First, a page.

Iola City Council members will wait until July 13 before deciding whether to alter the flow of traffic around Iola Middle School.
The Council tabled a decision on making portions of East and Jackson streets one-way thoroughfares, seeking additional public comment and discuss other options.
The Council heard from Assistant City Administrator Corey Schinstock, who recommended making East Street a westbound-only lane from First to Cottonwood streets, while making Jackson Avenue an eastbound-only thoroughfare over the same stretch.
Schinstock pointed to an engineer’s traffic study earlier this spring — ordered after USD 257’s decision to utilize grade-level attendance centers starting this fall — counted 3,600 cars passing in front of IMS over a three-day stretch.
The district will add roughly 100 fifth-graders and seven to 10 teachers to the IMS campus in the fall.
“We know there will be an increase in traffic,” Schinstock said.
Parking near the street likely won’t change much, Schinstock noted, but having one-way traffic would eliminate parents dropping off their children on opposite sides of the street — thus eliminating what he considered one of the largest safety hazards facing kids and pedestrians.
Switching to one-way streets likely won’t be popular, Schinstock concluded, “but I think it’s necessary.”
Schinstock offered two options for the Council to consider; one-ways from First to Cottonwood, about four blocks, or one-ways from First to Colborn, just three blocks.
Schinstock said he favored the longer one-way stretches because First and Cottonwood are considered “feeder” streets and are able to accommodate more traffic.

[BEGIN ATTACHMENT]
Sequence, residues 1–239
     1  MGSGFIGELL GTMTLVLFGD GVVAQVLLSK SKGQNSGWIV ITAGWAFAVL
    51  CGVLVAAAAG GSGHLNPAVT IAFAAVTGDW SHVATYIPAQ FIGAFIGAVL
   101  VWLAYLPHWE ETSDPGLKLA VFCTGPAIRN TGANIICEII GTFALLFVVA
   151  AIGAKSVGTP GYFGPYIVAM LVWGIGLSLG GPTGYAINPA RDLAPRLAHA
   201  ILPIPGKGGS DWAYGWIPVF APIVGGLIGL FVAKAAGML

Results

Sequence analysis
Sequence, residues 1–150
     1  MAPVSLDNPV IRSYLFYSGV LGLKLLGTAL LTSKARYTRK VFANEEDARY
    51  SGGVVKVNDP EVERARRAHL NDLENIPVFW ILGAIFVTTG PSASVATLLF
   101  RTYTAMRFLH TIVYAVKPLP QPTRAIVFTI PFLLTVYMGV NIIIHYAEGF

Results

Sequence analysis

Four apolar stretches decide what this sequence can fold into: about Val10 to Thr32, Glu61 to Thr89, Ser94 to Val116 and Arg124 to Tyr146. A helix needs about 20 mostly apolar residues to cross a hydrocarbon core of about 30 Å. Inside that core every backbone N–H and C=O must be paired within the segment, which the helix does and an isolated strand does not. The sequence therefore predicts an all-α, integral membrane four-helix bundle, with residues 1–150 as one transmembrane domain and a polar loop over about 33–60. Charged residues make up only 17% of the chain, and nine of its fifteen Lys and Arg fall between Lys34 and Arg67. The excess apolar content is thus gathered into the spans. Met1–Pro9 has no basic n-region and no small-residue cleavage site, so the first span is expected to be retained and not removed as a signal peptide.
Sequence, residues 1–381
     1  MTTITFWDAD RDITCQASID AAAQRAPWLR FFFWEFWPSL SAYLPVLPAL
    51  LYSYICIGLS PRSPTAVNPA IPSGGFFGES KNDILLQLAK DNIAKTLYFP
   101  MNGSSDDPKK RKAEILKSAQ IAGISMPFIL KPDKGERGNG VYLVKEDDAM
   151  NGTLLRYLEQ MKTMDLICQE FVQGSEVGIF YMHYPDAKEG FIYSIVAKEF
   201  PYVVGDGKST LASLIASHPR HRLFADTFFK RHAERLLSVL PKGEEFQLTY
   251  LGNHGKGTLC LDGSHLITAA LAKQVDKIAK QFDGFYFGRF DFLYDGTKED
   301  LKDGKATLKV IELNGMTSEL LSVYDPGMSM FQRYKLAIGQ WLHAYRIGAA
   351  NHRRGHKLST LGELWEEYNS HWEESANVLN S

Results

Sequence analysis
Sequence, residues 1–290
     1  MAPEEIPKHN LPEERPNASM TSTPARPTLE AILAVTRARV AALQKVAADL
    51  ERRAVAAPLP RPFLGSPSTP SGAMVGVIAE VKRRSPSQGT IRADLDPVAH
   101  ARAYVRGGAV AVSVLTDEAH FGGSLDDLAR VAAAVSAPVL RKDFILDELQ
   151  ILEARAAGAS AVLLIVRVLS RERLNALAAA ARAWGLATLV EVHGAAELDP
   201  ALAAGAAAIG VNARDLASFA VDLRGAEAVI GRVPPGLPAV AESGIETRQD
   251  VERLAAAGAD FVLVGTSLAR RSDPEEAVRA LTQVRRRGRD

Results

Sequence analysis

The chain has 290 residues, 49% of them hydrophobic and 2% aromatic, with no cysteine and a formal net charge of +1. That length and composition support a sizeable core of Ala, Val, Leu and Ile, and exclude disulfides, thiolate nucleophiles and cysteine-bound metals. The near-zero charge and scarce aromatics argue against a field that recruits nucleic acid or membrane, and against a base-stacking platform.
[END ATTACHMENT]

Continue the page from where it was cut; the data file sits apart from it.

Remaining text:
COUNCIL members were quick to question Schinstock about what they described as a hurried effort to change the traffic flow, without garnering more public input.
“I wish I had more time,” he replied, which would have allowed the city to better reach out to residents living near IMS. “But when we got a signed scope of work with the engineer, it was end of April, and we were running behind the eight ball. It took us roughly a month to collect data, and it took engineers a month to put their report together.”
Council members peppered Schinstock with questions about how other nearby streets would be affected, particularly Cottonwood, Madison, Colborn and Elm streets.
Councilman Bob Shaughnessy wondered how long the line of cars to pick up students would be if motorists were funneled in one direction.
Middle school principal Jack Stanley, a long-time advocate of converting streets around the school to one-way thoroughfares, said the district is planning to change its bus loading zone. Students now will board buses on the east side of the school, along Elm Street.
Mayor Joel Wicoff pointed to the engineer’s study presented by Schinstock, which listed other options the city should consider, such as implementing an active traffic control system; i.e. adding crossing guards, or dynamic signs that could enable the city to make streets one-way routes at certain points of the day.
Less extensive options include adding a pull-out lane, Wicoff said.
“Yeah, it’s a headache,” Wicoff said. “Yes, you better pay attention to what you’re doing. But if we go to a one-way street, it’s still going to be a headache.”
Perhaps the middle school could add off-street loading zones in its spacious school yards, Wicoff surmised.
Schinstock responded that those changes would be more costly, either to the city or USD 257.
Switching East and Jackson to one-way streets would be less expensive, Schinstock said.
LISA DUNNE, 422 East St., said she would be perhaps most affected by any traffic changes, because her house already is connected to a one-way street.
Making East Street a one-way route “is not going to fix the problem,” and could, in fact, create other hazards, Dunne said.
Forcing more cars from East Street onto Cottonwood would increase traffic there, “and it’s already horrendously dangerous,” she opined.
Dunne said convenience isn’t a factor in her opposition.
“If I felt having to drive extra would fix it, I would happily do that,” she said.
“The decision to change schools to attendance centers shouldn’t force other changes” that may not work, Dunne said. “We should make a permanent fix, not a temporary one.”